Saturday, March 16, 2019

The W

Our Patagonia trip ended with 4 days of spectacular hiking in Torres del Paine National Park. We completed the W trek which winds through the southern part of the park in a "W" shape allowing you to leave your packs at camp for many miles of out and back hiking.


Day 1
We took the first bus from Puerto Natales at 7am to the national park. Upon arrival, you must pay for park entry at the ranger station. Then, to begin the W trek, you must take the bus for another half hour to the other side of the park. Here there is a ferry to the start of the trek. It may have been the fact that it was New Year's Day when we arrived at the park, but we waited for the ferry for 2 hours! A massive line of hikers waited patiently huddling together for warmth and making guesses at when the ferry drivers would show up. According to the schedule, the ferry should leave at 9 and 11, but we departed at noon. It was such a relief to drop our things off at refugio Paine Grande where we had a room to ourselves with one bunk bed and begin hiking. We even saw a zorro that brightened our day on our way towards refugio Grey.

After about three hours of hiking, we arrived at the refugio. John wanted to see the suspended bridge, but it was another 2km out so we elected to go a little further to the view point the signs indicated was half a kilometer away. The view of Glacier Grey was incredible and we watched boat sized glacier chunks float around below us. I couldn't believe we had considered heading back before seeing this view, and we spent about 20 minutes just admire the natural beauty before heading back.
Day 2
The second day held just as incredible, if not better views than the first. Starting off we left the refugio and headed towards campsite Italiano. Although we had to carry our packs for this section, the interesting mountain peaks made up for it. We joked that the mountain tops looked like ice cream scoops with sharp changes in color striping the landscape horizontally. 
Lookout Frances

After we set up our tent and ate lunch, we headed up towards Lookouts Frances and Britannica. The crowded hike up was rather steep, but without packs we had no problem hustling up to Frances. We loved the foreboding mountain which towered over the lookout with its snowy peak. A lot of people turned around at this point, but we headed up another steep two hours to Lookout Britannica. There were only a few other hikers at the viewpoint when we arrived, a stark difference from the crowd at Frances. We couldn't capture the entire 360 view in one picture and stayed for about 15 minutes when I started to shiver from the wind against my sweat. We're both hard pressed to pick a top view from this hike, but Britannica is definitely a front runner.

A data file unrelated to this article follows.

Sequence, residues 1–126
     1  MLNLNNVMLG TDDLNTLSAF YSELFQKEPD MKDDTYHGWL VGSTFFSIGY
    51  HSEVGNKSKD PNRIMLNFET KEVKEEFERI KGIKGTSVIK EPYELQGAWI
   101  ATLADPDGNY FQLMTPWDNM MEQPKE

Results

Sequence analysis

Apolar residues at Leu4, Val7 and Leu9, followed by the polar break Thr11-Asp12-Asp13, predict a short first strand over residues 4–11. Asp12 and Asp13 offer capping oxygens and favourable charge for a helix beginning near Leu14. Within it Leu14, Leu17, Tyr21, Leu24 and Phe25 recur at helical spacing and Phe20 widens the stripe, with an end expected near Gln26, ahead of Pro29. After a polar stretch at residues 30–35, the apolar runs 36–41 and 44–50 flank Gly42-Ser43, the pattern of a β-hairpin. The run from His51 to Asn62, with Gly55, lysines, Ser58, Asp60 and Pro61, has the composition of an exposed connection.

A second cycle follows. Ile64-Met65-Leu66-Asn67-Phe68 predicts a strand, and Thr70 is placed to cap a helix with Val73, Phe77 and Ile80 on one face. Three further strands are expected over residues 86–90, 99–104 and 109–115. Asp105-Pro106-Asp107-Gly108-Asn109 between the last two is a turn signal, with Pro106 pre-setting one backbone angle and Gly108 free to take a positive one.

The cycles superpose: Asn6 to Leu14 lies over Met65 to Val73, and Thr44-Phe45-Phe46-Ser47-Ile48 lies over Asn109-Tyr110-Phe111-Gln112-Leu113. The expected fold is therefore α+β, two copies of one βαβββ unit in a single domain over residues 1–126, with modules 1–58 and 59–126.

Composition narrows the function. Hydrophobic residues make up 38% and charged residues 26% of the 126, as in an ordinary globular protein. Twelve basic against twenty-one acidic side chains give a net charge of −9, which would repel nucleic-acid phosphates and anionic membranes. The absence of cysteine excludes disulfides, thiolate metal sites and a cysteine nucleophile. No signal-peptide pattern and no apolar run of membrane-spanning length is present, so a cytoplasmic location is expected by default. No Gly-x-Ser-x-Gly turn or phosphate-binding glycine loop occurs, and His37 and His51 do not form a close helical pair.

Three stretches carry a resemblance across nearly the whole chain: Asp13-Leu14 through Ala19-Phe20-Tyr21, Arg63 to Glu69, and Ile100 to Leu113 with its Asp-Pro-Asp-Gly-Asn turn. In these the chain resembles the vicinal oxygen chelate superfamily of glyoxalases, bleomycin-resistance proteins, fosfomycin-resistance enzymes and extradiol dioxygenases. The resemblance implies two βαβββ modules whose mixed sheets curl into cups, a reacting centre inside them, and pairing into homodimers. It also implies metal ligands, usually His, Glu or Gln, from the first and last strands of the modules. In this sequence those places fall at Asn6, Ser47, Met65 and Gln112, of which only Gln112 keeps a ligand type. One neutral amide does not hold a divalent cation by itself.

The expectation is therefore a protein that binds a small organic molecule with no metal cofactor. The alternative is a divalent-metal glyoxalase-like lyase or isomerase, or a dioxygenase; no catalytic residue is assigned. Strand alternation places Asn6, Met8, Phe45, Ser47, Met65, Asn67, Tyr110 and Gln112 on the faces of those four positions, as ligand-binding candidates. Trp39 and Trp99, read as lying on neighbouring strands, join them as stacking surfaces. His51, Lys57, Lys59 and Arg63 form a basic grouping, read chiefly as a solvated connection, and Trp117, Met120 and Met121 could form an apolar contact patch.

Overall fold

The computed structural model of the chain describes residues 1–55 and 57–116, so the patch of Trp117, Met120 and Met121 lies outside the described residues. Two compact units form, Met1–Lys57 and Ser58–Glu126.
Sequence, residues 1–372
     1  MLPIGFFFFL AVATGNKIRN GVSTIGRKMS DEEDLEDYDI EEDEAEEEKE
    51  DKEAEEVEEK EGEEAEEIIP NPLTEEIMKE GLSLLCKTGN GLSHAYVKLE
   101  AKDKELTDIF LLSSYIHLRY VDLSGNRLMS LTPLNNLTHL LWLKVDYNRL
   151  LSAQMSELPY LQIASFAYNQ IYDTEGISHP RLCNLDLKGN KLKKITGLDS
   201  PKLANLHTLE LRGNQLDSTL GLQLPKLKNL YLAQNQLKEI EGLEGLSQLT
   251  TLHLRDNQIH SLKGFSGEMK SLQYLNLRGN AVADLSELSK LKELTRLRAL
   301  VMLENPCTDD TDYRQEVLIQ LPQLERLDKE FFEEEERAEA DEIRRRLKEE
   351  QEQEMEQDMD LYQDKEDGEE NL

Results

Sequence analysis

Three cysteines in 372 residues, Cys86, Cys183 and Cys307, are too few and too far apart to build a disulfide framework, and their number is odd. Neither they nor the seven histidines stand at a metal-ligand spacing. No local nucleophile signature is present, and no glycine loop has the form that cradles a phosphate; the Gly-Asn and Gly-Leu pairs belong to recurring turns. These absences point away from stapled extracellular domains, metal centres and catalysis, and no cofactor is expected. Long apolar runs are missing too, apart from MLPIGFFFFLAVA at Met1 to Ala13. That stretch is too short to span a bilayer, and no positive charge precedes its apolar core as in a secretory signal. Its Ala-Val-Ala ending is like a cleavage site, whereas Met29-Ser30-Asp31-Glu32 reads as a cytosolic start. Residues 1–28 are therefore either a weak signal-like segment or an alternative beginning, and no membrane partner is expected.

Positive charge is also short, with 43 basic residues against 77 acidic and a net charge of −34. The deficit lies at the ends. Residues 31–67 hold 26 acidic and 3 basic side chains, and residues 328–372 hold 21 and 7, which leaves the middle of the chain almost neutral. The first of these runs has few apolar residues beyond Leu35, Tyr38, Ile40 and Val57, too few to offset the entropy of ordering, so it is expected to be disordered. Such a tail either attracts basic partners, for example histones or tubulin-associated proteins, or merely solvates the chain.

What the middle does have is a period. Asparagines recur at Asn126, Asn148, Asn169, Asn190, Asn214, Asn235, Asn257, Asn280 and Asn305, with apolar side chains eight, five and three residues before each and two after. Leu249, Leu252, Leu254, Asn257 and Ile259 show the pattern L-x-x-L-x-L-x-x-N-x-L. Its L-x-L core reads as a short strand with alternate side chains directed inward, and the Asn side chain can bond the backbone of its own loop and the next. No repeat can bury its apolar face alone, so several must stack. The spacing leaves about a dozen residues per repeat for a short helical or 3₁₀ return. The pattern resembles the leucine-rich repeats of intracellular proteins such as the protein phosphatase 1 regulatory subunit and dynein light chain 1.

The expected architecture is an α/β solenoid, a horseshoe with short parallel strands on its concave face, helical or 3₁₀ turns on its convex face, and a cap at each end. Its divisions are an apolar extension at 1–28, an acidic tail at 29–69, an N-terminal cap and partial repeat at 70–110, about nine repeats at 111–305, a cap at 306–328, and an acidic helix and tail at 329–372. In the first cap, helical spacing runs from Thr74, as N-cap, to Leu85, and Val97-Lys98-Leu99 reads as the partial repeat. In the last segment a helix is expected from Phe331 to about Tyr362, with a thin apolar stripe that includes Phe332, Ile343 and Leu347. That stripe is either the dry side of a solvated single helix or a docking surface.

Lookout Britannica

Day 3
The third day involved the longest backpack carrying stretch of the hike. We left campsite Frances and headed to Chileno. There weren't any spectacular viewpoints on this day, but the grey mountain sides against the green fields made for a pleasant walk. We arrived at Chileno in the early afternoon and enjoyed some down time before dinner. This is the only campsite where we were not allowed to use our stove, a precaution against forest fires. Fortunately, the kitchen provides hot water for campers during its open hours. 

Day 4
We woke up at 5am to hike up to the Torres. After a breakfast of energy bars and peanut butter, we packed up the tent and stored our packs inside the refugio, looking forward to having real food once we got back. The moderately steep trail towards the Torres was pretty much empty, and we hiked quickly. For about an hour we made our way through the wooded terrain until we hit the rocky section up to the view. The last 30 mins was steep and tough with gravel slipping under our feet. However, this was all forgotten when we reached the Torres, the pinnacle view on the W. 
We enjoyed the view with about five other hikers and felt lucky to have such a clear day. It is no wonder the Torres are one of the most famous views in all of Patagonia. 
Torres del Paine

The hike down went quickly, although we ran into several large groups heading up. We got back to camp by 9:00 and headed out after a second breakfast of freeze dried meals. Although we had a clear sunny day, we had quite a bit of wind. At some points we had to stop and shield our faces as the wind kicked up a tornado of dust off the trail. By lunch time we arrived at the bus station where we waited for about an hour, enjoying some time off of our feet. 

1 comment:

  1. The Everest Base Camp comes to mind as one of the treks that most hikers often aspire to. The thought of seeing Mount Everest in person up close is almost too much to exist. Trekking Company in Nepal

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